So here's what irks me. What the HELL is the point of feedback if the sellers are coercing "positive" feedback behind the scenes? And why am I left feeling like a shady person for actually saying how I felt? I will purchase from both of those sellers again because in general they make good stuff, but those emails: MAJOR CUSTOMER TURN-OFF!! And I told both of them as much, and no, I did not change my feedback. It turns out that this is a pretty common practice amongst online sellers, which is very disheartening. However, I've only encountered it on Etsy. I did, however, learn a valuable lesson, which is: if you are unhappy--even in the slightest--with your purchase, contact the seller because they will go to great lengths to avoid a "negative" or "neutral" review. Also, then, the lesson is this: just because they've got 100% positive feedback, doesn't mean it's all true.

** Let's not judge too harshly that I'm still giving gifts I'm not 100% happy with, or gifting things I originally intended for myself (but never wore!). 'K, thanx.

Modern Quilt Guild: Where to Start?

I'm putting this out into the universe of blog-land. How does one go about starting a modern quilt guild? I'd like to start one in the town where I live, not because I know a lot of quilters who have a modern aesthetic but because I'd like to get to know quilters and I'd like to help people get started as quilters (not because I'm expert, nosiree).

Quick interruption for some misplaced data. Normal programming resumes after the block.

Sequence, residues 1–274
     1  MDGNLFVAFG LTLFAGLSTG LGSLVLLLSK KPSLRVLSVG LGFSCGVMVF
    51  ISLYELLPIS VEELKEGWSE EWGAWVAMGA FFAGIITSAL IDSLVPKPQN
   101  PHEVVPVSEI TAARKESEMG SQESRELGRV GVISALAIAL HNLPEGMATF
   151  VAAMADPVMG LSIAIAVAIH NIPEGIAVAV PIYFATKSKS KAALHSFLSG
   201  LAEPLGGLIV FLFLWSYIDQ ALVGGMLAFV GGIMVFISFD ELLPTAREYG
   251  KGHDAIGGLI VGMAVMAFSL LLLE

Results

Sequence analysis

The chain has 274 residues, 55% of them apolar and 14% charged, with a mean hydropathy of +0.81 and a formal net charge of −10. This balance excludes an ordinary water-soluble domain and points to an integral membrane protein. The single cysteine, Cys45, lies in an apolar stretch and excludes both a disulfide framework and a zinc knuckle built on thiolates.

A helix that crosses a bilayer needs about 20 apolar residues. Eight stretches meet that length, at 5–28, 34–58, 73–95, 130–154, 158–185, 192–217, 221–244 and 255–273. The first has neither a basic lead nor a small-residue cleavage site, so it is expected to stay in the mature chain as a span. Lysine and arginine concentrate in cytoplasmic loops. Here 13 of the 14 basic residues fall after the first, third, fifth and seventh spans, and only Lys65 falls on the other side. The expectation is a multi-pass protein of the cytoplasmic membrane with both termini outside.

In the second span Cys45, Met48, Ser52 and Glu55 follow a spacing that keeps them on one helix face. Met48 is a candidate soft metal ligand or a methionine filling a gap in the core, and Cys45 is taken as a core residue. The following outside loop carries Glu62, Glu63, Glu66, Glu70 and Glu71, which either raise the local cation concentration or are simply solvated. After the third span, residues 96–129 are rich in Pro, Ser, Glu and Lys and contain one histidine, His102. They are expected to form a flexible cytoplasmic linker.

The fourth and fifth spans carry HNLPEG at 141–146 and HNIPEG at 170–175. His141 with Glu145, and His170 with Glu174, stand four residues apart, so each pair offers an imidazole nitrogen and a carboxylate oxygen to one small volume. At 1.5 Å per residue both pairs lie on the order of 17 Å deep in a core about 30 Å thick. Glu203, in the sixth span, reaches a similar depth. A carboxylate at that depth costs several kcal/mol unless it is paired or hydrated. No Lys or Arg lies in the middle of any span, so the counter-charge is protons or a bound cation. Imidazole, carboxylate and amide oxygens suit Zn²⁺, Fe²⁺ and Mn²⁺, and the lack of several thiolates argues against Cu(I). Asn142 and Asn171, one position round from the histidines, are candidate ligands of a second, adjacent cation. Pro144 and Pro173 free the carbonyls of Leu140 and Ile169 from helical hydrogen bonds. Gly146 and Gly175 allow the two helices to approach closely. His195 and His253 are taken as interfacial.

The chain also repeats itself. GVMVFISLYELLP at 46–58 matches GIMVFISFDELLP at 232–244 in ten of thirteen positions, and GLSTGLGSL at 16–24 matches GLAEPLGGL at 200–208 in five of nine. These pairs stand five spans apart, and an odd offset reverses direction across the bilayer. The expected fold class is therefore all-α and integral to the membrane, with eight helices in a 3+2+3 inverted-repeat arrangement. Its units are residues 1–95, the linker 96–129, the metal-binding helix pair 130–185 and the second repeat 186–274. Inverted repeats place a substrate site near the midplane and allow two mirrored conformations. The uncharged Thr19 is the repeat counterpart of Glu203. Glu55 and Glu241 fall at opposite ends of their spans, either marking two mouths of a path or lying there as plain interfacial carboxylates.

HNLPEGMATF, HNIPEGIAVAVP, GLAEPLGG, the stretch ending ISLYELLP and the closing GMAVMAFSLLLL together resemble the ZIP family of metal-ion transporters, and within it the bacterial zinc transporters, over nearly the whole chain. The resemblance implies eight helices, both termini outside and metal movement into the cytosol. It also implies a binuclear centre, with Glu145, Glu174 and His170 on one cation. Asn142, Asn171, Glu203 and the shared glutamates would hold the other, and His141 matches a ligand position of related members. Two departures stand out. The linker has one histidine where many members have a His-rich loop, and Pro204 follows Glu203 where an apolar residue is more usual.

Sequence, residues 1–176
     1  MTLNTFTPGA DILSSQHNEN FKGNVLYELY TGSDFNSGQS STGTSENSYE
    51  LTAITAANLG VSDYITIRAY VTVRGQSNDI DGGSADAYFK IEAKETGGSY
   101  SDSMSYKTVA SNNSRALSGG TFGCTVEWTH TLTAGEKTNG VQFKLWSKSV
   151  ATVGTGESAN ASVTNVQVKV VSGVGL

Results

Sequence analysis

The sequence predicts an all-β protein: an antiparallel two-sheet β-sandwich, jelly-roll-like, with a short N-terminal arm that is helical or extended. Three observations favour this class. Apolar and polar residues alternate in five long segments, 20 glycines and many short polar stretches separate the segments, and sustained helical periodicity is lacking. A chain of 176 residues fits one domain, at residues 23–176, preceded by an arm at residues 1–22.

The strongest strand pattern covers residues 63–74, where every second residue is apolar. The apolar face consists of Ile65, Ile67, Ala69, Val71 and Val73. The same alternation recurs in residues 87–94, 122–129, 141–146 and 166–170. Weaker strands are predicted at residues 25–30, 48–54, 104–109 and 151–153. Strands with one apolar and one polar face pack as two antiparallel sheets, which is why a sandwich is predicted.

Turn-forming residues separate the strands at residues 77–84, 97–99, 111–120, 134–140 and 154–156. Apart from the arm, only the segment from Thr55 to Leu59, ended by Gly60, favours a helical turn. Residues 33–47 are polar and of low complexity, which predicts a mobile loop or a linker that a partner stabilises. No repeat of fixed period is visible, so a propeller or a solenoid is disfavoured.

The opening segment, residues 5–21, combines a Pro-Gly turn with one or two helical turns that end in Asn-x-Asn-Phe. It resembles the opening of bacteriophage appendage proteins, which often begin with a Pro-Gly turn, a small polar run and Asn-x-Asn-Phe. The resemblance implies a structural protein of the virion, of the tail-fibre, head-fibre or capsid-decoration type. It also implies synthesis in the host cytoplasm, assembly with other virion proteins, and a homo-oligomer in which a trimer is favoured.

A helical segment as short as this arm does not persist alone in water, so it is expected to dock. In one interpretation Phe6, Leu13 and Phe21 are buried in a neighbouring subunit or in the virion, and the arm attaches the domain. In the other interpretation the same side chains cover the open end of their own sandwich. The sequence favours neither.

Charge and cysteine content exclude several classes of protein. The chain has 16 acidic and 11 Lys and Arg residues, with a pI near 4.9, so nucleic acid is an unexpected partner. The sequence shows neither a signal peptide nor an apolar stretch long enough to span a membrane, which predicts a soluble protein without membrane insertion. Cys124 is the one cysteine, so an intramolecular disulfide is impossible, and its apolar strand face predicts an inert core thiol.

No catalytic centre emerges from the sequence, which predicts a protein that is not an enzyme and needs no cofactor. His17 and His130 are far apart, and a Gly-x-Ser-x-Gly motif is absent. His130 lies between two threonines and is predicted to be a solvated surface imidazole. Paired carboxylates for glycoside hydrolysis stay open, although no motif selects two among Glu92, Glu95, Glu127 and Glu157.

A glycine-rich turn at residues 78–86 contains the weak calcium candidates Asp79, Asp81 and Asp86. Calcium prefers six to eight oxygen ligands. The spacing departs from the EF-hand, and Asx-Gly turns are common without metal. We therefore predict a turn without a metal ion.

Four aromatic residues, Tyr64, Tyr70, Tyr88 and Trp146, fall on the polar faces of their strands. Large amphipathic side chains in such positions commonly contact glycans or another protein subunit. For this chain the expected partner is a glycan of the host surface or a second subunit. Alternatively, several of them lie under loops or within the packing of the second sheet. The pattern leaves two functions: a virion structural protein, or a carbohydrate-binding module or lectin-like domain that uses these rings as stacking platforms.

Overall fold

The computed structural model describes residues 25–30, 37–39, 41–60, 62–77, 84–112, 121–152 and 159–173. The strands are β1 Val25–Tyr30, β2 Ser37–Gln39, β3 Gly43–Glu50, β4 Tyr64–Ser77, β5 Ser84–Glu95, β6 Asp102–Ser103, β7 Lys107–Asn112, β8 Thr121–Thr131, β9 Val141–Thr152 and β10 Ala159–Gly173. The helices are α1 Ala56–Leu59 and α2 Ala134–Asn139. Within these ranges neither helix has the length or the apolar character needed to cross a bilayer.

So here are my questions, Blog-land:
1) How did you collect your people? I'll email the Mothership (Modern Quilt Guild) and see what they have to say.
2) How do you find a space and a time where everyone can come (and it still be free/cheap and not inconveniently at someone's home)?
3) How do you decide on challenges, etc.?
4) How do you keep the Guild from eating your life, but still use it as motivation to stay on task, be productive and create beautiful things?

Oh, I hope someone has the answer to my questions....

Friday, June 10, 2011

Friday Photo

{this moment} Playing along with Soule Mama. Although this picture was taken a few weeks ago. Shannon's wedding quilt took a little trip to the Lost Coast for a photoshoot.

Tuesday, May 3, 2011

Graduate School & Teaching

I was recently asked to participate in a panel about teaching in graduate school. Our moderator asked us a series of questions, and we took turns answering and discussing with one another. I knew several people on the panel, and one of the panelists was a former student of mine. She is now getting her Masters in education (I was pretty stoked to see her). Sadly, not many people were in the audience (Saturday morning! It's was be expected). Here are some of the best questions and my responses...